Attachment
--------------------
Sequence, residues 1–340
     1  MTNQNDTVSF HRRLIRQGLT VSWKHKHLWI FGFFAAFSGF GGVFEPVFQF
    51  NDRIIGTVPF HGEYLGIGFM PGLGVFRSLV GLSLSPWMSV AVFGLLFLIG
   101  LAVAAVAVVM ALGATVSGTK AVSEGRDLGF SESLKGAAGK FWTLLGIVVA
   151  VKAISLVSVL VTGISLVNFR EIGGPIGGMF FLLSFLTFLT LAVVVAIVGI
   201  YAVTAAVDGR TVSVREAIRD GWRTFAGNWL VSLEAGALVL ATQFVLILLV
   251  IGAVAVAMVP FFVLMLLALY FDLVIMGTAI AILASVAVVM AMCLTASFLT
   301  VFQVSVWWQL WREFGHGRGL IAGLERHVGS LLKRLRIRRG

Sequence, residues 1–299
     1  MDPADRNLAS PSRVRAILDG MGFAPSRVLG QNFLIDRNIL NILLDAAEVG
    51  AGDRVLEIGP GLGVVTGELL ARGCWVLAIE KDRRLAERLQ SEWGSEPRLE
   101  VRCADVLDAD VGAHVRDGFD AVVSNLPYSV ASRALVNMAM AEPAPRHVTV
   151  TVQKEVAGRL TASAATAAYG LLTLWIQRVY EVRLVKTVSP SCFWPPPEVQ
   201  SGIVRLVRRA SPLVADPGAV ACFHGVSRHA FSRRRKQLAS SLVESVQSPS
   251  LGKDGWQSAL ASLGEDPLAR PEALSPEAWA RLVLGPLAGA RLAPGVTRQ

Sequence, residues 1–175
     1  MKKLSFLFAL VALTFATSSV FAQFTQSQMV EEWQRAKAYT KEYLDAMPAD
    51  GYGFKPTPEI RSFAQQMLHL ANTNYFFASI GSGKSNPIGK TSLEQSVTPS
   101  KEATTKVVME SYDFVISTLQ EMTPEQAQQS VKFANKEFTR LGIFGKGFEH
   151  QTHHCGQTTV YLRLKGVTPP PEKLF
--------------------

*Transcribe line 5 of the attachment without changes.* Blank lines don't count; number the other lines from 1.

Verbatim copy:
   151  VKAISLVSVL VTGISLVNFR EIGGPIGGMF FLLSFLTFLT LAVVVAIVGI